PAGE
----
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Things I wish I’d Known At the Start
The following article was written by Debra Keirce, a regular contributing author to The BoldBrush Letter.
As artists, we all want to maximize our growth and work as efficiently as possible. We’ve all got a list of things we wish we’d known at the start. Want to compare? Here’s mine:
1. Don’t spend time in the activities you don’t understand or connect with. For me, although I absolutely love many art media, I only have one lifetime. So, I choose to spend my energy in places that bolster my drawing and painting experiences. Plus, drawing and painting don’t involve fire or heavy objects usually, so my history tells me I will live longer painting…but that’s a different consideration.
The thing is, there is often a pull to try new things. When I participated in the street fairs, functional art always sold best. People buy earrings, coffee mugs, and bowls on impulse. They think a lot longer about purchasing paintings or drawings. It was really tempting during that time, to try creating in different genres, and I did some of that. I ended up in the craft realm, knowing that was not where I belonged if I was playing my personal long game.
2. WHEN I am creating is important. If I try to work when I am tired, or distracted, I don’t end up with quality painting sessions. I need to be alert enough to problem solve. You know those warnings on medications that say do not drive or operate heavy machinery? That is how I need to treat my painting time. Otherwise, I end up correcting mistakes... lots and lots of mistakes.
3. Focus on what is exciting. For many artists, experimenting IS part of the process. I have learned to recognize that this is not my story. It may surprise you to know I am rarely concerned about my subject. What really excites me is my process. I love the illusionist aspect of what I do. Creating a painting in 2D that looks and feels 3D is what makes me happy. It excites me, like I am doing magic. When I focus on learning, practicing, and networking with people who also prioritize realism, I am excited by those interactions, and my fun meter pegs out.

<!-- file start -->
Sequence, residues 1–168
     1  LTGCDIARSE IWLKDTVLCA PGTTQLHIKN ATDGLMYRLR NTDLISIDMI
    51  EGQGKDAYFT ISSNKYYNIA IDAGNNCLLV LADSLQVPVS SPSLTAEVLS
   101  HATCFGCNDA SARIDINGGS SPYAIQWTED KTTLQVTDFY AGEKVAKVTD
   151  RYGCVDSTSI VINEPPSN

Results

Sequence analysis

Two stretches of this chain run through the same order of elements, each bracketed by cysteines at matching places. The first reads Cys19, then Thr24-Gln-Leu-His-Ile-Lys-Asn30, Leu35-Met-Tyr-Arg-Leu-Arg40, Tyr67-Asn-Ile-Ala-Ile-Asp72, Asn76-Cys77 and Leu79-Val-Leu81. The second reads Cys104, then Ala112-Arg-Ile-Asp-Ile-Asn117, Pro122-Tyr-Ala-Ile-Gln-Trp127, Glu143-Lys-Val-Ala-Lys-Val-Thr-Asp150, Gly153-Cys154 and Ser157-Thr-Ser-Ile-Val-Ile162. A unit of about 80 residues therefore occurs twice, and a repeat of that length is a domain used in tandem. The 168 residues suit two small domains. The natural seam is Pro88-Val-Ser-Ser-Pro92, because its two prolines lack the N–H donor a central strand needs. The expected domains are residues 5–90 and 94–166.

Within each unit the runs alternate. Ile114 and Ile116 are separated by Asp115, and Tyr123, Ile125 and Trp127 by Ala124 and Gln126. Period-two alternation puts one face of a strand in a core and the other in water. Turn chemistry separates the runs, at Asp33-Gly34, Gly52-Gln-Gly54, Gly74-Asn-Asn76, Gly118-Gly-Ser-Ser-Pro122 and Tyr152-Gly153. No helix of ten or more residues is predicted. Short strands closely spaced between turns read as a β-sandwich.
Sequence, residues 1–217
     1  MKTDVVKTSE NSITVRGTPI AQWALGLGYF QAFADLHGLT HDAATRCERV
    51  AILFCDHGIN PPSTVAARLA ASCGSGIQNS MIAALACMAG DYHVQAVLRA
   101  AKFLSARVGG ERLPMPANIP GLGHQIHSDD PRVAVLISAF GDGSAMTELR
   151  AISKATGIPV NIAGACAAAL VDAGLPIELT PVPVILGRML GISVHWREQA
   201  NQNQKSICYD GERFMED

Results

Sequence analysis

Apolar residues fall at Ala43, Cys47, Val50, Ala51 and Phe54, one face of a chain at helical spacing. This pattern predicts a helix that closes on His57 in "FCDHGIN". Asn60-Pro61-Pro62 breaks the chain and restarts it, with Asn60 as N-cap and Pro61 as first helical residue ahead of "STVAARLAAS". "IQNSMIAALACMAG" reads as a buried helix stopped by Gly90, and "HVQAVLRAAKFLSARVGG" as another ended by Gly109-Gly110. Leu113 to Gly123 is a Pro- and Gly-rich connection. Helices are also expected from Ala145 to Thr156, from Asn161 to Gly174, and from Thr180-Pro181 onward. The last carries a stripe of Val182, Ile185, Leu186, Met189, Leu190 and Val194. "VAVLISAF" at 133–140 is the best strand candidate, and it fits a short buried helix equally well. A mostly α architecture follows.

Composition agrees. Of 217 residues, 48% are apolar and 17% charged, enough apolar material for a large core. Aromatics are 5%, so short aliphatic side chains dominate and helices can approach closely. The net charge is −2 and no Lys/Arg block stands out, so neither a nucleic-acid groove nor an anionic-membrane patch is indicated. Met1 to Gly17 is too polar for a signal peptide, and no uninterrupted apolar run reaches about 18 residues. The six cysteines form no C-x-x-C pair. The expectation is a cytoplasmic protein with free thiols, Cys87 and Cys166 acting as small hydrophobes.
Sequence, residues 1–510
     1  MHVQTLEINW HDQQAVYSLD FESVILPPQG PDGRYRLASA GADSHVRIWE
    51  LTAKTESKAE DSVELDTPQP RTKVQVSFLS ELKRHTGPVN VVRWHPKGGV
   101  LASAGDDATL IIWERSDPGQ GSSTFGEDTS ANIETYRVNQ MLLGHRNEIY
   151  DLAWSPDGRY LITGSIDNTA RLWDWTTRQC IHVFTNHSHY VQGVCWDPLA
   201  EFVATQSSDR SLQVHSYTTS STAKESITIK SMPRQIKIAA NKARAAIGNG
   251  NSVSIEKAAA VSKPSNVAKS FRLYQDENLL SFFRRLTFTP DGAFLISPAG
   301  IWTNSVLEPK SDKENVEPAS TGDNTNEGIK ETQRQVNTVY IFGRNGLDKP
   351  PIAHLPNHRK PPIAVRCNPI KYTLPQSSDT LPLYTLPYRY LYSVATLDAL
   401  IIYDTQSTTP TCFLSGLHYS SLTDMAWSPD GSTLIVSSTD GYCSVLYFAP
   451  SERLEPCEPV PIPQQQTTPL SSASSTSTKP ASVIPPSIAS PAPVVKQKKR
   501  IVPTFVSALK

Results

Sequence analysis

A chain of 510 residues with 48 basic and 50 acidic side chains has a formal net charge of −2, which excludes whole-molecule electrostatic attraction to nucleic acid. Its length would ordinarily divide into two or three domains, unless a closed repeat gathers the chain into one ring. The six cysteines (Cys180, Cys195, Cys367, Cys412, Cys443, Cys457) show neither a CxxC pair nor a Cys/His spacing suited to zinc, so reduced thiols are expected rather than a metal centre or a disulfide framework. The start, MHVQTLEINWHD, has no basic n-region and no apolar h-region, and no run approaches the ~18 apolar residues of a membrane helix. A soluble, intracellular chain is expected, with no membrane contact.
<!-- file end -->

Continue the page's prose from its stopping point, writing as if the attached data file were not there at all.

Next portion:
Contrast this to many years ago, when I had a spray and pray attitude. I tried everything, and quickly learned I can’t do everything AND do it well. When I started to focus, I zeroed in on the things I read I was supposed to. I spent a lot of time blogging, doing street fairs, trying different art genres, targeting specific collector groups. Those were all great, and I learned so much. But 20/20 hindsight says a better use of my time would have been to immerse myself in realism workshops and practices. I believe I would be further along in my career now, if I had.
4. How to become an artist is something you can only learn by doing it. There are so many books, videos and companies who offer guidance. Bold Brush has lots of free and paid advice FASO members can access. But if you have ever dipped a toe into all the business and art making tips out there, you know that it is an overwhelming and confusing place to be.
I really feel this is because there is no universal method for the best way to become an artist. It’s not like being a bus driver, where you read the manual, pass the test, and begin driving your route. It’s more like finding your way out of the Grand Canyon. Do you want to scale the rock face and build skills while doing lots of camping and introspection? Do you want to hire a mule and enjoy the scenery without wearing your legs out on the way up? Do you prefer to follow the river till you meet up with others, and then you can form a plan together? Do you have the cash to walk to the visitor’s center and call an Uber? All of these solutions could spawn lots of different advice on the best way to solve the challenge. But in the end, you should be doing what feels right for YOU. What being a successful artist looks like for me, and the best way to get there - it can be very different from what it looks like for you.